Yes, I’m traveling to the other side of the Earth for CAD treatment

Finding a doctor who's familiar with CAD isn't as easy as it might seem

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by Mary Lott |

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Click! It’s time for a routine checkup. I wait a few minutes for the webpage to load, then add the parameters of my proposed travel. Anxiously, I scan the list of available flights and begin my research. I have certain criteria for the booking; paramount is the cost of the ticket, as the prices of flights have skyrocketed in the past year.

I live a world away from my doctor. We tell our friends that our home in Sentani, Papua, Indonesia, is not in the jungle, but the jungle comes up to our back fence. When I had my health crisis in 2018, I evacuated from here to go to my home in Auburn, Alabama, and met with doctors there. At that time, I was diagnosed with cold agglutinin disease (CAD) and have been receiving treatment as needed ever since.

A couple of questions I frequently hear from folks I know are “Why don’t you go to a local doctor?” and “Why travel so far? Surely doctors close by can look at your bloodwork.” I quietly sigh and prepare to explain once again the challenges that those of us with CAD face when choosing our medical care.

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Atypical symptoms, odd lab findings delay CAD diagnosis

The rarity of cold agglutinin disease

Most doctors have never heard of CAD, which is understandable considering its rarity. Cold agglutinins are “erythrocyte antibodies which possess the property of agglutinating red blood cells at temperatures of below 37 C [98.6 F].” To put that in layman’s terms, I say that when I get cold, my red blood cells clump together and then dissolve.

CAD — a type of hemolytic anemia — is so rare that only 1 in a million patients are diagnosed with it each year. Because CAD is encountered so infrequently, it’s poorly understood.

Symptoms aren’t recognized

It’s challenging to diagnose CAD. In my case, other possible causes for my symptoms were considered first. In the mid-2000s, I was presenting with breathing problems, so doctors first ruled out lung cancer, asthma, tuberculosis, and even acid reflux.

Additionally, I had difficulty talking. I’d speak and my voice would suddenly stop midsentence. When that happened, I could only whisper my thoughts.

I became weak quickly and felt fatigue. My husband said I was like a flashlight with an old battery: It shines brightly when it’s turned on, but shortly after, the light dims until it’s a faint glimmer.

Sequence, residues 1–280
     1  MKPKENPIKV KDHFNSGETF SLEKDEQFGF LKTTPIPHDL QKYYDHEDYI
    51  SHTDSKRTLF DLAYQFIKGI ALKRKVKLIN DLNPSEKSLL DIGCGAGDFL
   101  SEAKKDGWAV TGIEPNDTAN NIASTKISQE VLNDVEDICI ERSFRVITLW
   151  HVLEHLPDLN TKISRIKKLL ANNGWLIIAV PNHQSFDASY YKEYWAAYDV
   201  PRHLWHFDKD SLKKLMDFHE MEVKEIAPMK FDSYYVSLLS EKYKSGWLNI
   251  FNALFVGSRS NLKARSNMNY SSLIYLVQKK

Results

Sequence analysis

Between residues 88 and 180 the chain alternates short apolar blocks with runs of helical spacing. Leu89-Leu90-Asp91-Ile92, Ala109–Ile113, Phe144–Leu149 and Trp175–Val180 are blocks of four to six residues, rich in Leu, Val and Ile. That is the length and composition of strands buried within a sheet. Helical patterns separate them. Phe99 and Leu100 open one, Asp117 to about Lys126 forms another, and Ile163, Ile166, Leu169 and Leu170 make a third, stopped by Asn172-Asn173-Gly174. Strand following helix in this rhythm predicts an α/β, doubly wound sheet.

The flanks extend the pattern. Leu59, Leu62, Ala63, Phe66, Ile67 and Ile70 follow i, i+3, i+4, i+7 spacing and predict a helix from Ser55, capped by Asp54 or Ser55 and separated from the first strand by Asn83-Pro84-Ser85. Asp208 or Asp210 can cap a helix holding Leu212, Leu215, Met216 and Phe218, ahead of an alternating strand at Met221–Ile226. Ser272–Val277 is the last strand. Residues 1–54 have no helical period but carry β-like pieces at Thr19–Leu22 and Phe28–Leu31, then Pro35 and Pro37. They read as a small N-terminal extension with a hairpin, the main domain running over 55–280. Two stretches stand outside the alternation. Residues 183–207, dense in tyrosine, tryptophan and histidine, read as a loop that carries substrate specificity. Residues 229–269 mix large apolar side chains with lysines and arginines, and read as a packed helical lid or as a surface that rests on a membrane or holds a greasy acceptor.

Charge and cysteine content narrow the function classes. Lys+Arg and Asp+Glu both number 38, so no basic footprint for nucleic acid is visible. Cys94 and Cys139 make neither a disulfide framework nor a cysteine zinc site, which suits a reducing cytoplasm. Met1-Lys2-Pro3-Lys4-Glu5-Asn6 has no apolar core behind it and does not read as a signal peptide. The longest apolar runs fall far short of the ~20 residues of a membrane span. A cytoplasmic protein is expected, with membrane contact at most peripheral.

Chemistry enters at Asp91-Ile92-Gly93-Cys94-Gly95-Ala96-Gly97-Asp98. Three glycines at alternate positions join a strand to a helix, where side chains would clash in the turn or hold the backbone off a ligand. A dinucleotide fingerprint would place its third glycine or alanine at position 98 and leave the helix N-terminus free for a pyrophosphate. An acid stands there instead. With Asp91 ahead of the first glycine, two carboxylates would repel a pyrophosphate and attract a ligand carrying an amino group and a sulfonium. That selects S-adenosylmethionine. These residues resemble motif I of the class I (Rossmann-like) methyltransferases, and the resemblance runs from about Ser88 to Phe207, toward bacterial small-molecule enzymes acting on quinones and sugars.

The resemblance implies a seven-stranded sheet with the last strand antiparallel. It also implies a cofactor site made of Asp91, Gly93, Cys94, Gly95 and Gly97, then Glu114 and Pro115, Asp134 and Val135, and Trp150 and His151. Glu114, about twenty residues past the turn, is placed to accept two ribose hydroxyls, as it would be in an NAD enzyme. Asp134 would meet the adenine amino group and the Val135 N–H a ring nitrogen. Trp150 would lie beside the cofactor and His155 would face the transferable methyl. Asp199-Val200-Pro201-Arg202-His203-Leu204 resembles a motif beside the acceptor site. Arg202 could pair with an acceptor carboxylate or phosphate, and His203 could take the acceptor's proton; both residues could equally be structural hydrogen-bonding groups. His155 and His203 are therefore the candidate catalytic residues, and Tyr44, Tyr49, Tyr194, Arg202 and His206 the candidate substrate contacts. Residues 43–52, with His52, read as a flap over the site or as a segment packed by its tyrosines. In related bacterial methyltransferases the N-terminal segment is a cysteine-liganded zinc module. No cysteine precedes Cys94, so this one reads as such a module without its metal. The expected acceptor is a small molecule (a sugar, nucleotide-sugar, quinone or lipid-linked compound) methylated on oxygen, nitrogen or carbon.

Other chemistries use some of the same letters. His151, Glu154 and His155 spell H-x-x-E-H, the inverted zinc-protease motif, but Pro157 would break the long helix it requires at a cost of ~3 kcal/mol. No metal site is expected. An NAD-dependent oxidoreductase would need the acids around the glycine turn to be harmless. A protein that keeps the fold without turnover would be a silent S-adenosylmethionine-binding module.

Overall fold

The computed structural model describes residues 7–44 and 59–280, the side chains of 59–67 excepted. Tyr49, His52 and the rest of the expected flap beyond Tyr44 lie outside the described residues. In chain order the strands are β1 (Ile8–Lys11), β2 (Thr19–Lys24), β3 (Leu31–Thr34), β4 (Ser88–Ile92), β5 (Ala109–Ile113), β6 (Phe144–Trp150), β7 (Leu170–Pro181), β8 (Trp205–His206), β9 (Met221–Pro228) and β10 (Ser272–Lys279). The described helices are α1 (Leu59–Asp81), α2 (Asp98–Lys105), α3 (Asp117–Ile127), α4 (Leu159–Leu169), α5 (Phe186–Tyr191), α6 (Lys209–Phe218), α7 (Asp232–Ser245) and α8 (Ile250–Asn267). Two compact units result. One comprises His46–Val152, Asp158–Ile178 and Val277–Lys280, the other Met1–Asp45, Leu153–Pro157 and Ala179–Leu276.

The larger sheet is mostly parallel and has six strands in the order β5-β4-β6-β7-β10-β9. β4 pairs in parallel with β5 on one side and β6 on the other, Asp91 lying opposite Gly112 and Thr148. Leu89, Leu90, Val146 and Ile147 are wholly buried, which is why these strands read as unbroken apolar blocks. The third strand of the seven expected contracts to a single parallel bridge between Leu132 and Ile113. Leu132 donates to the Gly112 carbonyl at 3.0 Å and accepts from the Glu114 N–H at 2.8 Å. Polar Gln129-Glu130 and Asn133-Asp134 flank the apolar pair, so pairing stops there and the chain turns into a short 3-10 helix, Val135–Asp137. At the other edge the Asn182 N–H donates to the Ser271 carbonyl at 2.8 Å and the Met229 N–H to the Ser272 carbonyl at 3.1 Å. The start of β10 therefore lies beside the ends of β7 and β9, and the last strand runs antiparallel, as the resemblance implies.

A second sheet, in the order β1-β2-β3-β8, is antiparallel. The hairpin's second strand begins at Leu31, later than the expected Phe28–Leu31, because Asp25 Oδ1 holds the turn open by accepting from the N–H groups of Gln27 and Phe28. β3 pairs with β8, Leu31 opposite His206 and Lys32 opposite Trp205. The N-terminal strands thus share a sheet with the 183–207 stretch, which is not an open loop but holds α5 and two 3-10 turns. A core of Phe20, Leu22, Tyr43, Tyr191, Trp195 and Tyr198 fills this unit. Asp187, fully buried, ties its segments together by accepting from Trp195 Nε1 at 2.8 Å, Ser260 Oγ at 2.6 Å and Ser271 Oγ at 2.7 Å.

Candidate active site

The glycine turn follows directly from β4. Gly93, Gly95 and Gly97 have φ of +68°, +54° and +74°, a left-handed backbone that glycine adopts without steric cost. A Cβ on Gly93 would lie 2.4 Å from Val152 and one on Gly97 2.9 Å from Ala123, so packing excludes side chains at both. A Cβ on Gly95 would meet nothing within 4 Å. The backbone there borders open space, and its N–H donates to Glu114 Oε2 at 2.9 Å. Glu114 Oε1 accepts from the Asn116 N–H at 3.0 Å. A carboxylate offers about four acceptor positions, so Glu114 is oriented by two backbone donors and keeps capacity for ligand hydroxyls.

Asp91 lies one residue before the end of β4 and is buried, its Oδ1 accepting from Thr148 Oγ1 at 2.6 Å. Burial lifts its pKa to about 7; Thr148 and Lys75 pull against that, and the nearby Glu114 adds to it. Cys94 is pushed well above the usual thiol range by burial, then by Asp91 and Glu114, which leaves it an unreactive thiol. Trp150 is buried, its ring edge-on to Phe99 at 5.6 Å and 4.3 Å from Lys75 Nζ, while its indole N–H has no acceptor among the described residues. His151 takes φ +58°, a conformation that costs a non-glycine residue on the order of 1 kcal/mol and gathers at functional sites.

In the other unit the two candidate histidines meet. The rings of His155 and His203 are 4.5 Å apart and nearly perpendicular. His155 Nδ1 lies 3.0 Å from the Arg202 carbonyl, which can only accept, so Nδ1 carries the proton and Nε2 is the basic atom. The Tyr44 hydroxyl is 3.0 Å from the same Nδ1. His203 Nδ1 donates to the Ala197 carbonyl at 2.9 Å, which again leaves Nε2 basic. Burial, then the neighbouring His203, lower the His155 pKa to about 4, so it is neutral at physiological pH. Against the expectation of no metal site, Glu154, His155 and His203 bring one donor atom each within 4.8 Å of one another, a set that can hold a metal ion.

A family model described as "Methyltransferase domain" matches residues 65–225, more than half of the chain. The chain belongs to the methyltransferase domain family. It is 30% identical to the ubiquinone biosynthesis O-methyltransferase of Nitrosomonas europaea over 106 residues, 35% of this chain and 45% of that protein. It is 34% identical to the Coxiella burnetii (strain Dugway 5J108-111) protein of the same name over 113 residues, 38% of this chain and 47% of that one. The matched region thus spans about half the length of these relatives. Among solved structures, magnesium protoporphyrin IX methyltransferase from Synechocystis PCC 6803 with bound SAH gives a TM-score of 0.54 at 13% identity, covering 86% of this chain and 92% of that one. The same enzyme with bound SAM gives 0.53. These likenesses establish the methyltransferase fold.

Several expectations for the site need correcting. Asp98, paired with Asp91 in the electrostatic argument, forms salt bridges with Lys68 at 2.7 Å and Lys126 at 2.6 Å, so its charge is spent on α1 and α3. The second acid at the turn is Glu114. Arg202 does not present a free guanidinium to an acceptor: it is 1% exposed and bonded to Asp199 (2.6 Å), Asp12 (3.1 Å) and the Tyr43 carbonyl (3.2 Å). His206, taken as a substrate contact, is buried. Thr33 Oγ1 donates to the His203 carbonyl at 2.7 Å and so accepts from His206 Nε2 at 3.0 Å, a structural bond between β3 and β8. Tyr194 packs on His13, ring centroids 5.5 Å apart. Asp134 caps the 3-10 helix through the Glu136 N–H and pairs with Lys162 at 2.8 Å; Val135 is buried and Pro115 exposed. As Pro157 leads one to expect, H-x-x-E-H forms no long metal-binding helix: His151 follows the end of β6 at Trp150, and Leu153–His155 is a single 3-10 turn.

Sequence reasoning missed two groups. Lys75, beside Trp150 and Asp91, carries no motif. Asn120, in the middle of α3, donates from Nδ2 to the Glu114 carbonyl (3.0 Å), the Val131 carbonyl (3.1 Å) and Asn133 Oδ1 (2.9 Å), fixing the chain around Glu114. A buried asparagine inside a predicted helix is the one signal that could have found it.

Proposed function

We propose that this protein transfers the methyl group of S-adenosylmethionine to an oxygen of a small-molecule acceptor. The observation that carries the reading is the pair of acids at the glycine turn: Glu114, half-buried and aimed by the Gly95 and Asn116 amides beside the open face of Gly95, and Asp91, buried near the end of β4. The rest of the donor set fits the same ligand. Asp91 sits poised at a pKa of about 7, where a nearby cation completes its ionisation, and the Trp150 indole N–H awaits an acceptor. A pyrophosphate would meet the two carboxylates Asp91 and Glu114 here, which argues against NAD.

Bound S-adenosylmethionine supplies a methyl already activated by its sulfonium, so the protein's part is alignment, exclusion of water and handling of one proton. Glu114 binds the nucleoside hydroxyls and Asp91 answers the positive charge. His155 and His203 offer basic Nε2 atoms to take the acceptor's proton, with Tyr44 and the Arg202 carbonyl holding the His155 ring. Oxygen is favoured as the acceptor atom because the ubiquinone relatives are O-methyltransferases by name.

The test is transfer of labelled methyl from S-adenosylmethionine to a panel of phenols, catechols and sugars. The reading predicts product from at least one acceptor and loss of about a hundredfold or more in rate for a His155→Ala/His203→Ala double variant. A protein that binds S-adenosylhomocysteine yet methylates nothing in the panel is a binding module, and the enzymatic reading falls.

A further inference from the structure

At times, I experienced abdomen discomfort. When I described my nausea to a doctor, I was told that perhaps I had chronic appendicitis. Thankfully, the doctor waited before sending me to surgery, but in the meantime, I couldn’t eat anything fibrous.

In addition to all these mysterious maladies, my bloodwork showed anomalies like high white blood cell counts and inconclusive red blood cell data. CAD blood must be handled according to specific guidelines, and the anomalies were because staff at the laboratories didn’t follow them; they didn’t know better.

At the time, no one considered CAD, and no one looked further into why my bloodwork was odd. After two and a half months of inconclusive tests in 2008, the doctor working with me finally said, “I can’t find anything wrong with you.” By that time, my symptoms had subsided and nothing further was investigated.

Getting new doctors means starting over

My concerned well-wishers have pointed out that while I live in a remote, tropical location, I could travel to nearby Jakarta, Singapore, or even Australia, where well-qualified doctors abound. Their skill and training are among the top in the world. I’ve considered that. I have no clue which ones treat CAD, though.

It took at least 15 years of searching to find a doctor who recognized my symptoms and referred me to my current hematologist at the East Alabama Medical Center. Considering that, I don’t relish the idea of starting over to find a physician closer to Papua, given the likelihood of repeating tests and the probability that a physician won’t know about CAD. It’s easier for me to travel to doctors familiar with my case.

I’m planning medical travel now. I had a respiratory infection in April that has hung around all this time. CAD has lowered my natural immunity, and I’ve needed four months to recover. I want to learn if I have any lingering effects.

Click! I’m starting my airfare shopping again.

Note: Cold Agglutinin Disease News is strictly a news and information website about the disease. It does not provide medical advice, diagnosis, or treatment. This content is not intended to be a substitute for professional medical advice, diagnosis, or treatment. Always seek the advice of your physician or other qualified health provider with any questions you may have regarding a medical condition. Never disregard professional medical advice or delay in seeking it because of something you have read on this website. The opinions expressed in this column are not those of Cold Agglutinin Disease News or its parent company, BioNews, and are intended to spark discussion about issues pertaining to cold agglutinin disease.